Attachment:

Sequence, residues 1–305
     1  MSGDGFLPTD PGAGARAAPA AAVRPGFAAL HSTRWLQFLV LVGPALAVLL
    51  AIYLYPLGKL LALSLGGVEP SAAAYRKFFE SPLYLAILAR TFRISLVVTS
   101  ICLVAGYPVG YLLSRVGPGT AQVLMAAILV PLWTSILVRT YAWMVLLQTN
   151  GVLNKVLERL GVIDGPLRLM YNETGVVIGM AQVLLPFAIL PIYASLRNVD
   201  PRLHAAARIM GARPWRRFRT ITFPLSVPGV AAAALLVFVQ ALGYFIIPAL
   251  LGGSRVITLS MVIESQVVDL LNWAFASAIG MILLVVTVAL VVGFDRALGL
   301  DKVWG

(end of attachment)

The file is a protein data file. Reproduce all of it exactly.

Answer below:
Sequence, residues 1–305
     1  MSGDGFLPTD PGAGARAAPA AAVRPGFAAL HSTRWLQFLV LVGPALAVLL
    51  AIYLYPLGKL LALSLGGVEP SAAAYRKFFE SPLYLAILAR TFRISLVVTS
   101  ICLVAGYPVG YLLSRVGPGT AQVLMAAILV PLWTSILVRT YAWMVLLQTN
   151  GVLNKVLERL GVIDGPLRLM YNETGVVIGM AQVLLPFAIL PIYASLRNVD
   201  PRLHAAARIM GARPWRRFRT ITFPLSVPGV AAAALLVFVQ ALGYFIIPAL
   251  LGGSRVITLS MVIESQVVDL LNWAFASAIG MILLVVTVAL VVGFDRALGL
   301  DKVWG